The winner of our latest WDW Recipe Challenge poll was the Sam Adams Chocolate Cream Stout Cake from the EPCOT Food & Wine Festival (2005), which was served in the UK pavillion. I never tasted the original, but I can tell you that my version came out pretty darn delicious. There was one snag, however - my grocery store didn't carry the Sam Adams Cream Stout the recipe calls for. I decided to take the authenticness of the cake one step further and substitute the Boston-based Sam Adams beer for some straight-up Irish Guinness Stout. And the cake still came out awesome (and Irish!).


Ingredients:
4 TB butter
1/2 cup brown sugar
1 egg
1 egg yolk
1 cup all-purpose flour
1/4 tsp baking soda
1 tsp baking powder
1/2 cup Samuel Adams Cream Stout
4 TB cocoa powder


Optional (but why wouldn't you?)
Whipped cream
Chocolate sauce

Let's get crackin!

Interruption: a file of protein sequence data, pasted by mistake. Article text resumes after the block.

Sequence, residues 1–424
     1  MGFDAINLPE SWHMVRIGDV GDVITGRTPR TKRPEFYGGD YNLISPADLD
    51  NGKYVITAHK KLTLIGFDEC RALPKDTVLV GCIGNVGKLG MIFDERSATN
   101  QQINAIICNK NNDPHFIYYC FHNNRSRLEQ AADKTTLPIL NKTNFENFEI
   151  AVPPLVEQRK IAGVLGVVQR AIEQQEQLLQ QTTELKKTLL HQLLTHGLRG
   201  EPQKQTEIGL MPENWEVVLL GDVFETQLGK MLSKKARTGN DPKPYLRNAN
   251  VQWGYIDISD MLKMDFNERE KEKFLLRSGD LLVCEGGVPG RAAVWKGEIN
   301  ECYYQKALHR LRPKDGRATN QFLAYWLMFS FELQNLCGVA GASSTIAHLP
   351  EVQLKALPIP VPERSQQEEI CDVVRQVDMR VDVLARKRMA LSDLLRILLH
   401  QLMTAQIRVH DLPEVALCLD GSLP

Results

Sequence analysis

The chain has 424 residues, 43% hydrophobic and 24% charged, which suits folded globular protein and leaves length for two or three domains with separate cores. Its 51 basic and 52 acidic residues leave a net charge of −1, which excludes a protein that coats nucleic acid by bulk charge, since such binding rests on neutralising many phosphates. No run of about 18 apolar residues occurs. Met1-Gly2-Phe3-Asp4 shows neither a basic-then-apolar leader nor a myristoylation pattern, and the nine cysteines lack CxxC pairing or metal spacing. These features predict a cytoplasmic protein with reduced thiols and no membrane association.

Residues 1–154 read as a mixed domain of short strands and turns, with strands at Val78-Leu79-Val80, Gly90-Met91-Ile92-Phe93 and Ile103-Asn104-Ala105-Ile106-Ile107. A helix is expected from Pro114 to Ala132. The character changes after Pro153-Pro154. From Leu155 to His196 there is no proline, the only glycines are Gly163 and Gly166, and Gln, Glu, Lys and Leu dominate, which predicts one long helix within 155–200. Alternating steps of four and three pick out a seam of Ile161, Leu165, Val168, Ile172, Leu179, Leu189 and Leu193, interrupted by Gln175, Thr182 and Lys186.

1. Butter an 8-inch cake pan with 2 tablespoons of the butter and pre-heat the oven to 350 degrees F.

2. Cream the remaining butter and sugar together until light and fluffy. Gradually beat in the egg and the egg yolk.



This looks disgusting, I know. It gets better - I promise.

3. Sift the flour, baking soda and baking powder into a separate bowl.

4. Stir the Samuel Adams Cream Stout (or Guinness) into the cocoa.



Some Guinness for the recipe, some for me ....


5. Alternately fold the flour and beer mixture into the butter and sugar mixture.



Note: This batter is awesome. Try not to eat it all before you get around to cooking it.

6. Spoon the batter into the prepared pan and bake for approximately 30-35 minutes, or until firm to the touch.



7. Allow to cool in the pan for 5 minutes before turning the cake onto a wire rack.



Ta-da!

8. Leave the cake to completely cool before slicing.

December 14, 2008

News from the Mouse-o-Sphere: Golden Globes Epic Fail Edition

The holidays are almost here, and I'm finally getting my life under control. Christmas cards? Check. Christmas shopping? Almost check. Cleaning the apartment to prepare for guests? No comment. So instead of doing that, here's the news of the week: